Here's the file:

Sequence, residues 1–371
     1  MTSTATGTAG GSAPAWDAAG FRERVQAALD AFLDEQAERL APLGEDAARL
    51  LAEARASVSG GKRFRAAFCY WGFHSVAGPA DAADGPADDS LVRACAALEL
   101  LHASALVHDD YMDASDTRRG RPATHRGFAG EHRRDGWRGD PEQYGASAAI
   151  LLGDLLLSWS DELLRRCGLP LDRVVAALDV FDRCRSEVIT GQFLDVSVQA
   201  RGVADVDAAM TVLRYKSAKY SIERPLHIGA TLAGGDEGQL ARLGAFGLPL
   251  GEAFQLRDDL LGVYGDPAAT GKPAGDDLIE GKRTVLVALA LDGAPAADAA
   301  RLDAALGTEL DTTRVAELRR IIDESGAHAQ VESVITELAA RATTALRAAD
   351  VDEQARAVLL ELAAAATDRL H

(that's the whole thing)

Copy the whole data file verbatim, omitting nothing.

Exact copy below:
Sequence, residues 1–371
     1  MTSTATGTAG GSAPAWDAAG FRERVQAALD AFLDEQAERL APLGEDAARL
    51  LAEARASVSG GKRFRAAFCY WGFHSVAGPA DAADGPADDS LVRACAALEL
   101  LHASALVHDD YMDASDTRRG RPATHRGFAG EHRRDGWRGD PEQYGASAAI
   151  LLGDLLLSWS DELLRRCGLP LDRVVAALDV FDRCRSEVIT GQFLDVSVQA
   201  RGVADVDAAM TVLRYKSAKY SIERPLHIGA TLAGGDEGQL ARLGAFGLPL
   251  GEAFQLRDDL LGVYGDPAAT GKPAGDDLIE GKRTVLVALA LDGAPAADAA
   301  RLDAALGTEL DTTRVAELRR IIDESGAHAQ VESVITELAA RATTALRAAD
   351  VDEQARAVLL ELAAAATDRL H